What drives Skill-Biased Regional Employment Growth in West Germany?

NIW Diskussionspapier Nr.2

Cordes Alexander

Hannover, Mai 2008

Download: PDF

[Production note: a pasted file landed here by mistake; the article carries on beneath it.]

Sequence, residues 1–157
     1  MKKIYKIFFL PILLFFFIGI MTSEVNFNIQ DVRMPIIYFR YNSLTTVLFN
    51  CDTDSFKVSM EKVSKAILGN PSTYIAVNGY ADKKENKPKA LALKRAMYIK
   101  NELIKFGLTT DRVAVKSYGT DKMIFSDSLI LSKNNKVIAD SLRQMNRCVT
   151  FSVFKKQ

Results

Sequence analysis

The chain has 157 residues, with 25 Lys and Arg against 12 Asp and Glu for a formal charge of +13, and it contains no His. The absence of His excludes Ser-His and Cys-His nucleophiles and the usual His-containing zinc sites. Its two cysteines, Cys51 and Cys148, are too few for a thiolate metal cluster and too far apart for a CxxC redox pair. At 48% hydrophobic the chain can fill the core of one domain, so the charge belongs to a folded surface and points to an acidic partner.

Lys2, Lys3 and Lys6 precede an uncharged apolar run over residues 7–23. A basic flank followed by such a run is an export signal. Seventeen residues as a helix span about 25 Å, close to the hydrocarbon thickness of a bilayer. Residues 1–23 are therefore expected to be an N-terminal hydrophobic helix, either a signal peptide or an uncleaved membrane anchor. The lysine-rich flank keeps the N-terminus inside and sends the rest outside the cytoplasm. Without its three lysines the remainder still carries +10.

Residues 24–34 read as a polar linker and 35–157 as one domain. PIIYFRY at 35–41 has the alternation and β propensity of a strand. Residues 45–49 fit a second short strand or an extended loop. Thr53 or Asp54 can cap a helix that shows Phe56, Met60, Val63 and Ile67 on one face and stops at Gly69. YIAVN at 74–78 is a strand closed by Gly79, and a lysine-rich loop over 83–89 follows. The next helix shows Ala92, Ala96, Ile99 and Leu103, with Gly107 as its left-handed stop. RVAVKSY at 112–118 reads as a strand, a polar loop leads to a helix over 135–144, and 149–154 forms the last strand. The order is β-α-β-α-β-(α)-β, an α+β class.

There is a large literature dealing with total or high-skilled employment growth at the local level but analyses for different qualification levels are rare. Using an econometric analogon to the shift-share technique, we investigate to what extent determinants of employment growth at the local level (NUTS 3 regions) discriminate between five different levels of qualification, making use of differentiated data from the employment statistics of western Germany from 2000 to 2006. While the local industry mix affects the qualification levels differently, we find non-discriminating effects of the firm size structure or increasing sectoral concentration in manufacturing. Evidence for functional (qualification related) specialisation between central and peripheral regions is identified, too. Moreover, high dispersion of region-specific fixed effects in respect of high-skilled occupations emphasises the role of regional particularities like amenities or policy measures for these groups. Negative effects of occupations with the highest academic education requirements are discussed and possible explanations considered such as the composition of the concerned occupation classes or latent business cycle dynamics. Finally, in the light of possible North-South and urban-rural divides, the distribution of growth components is investigated.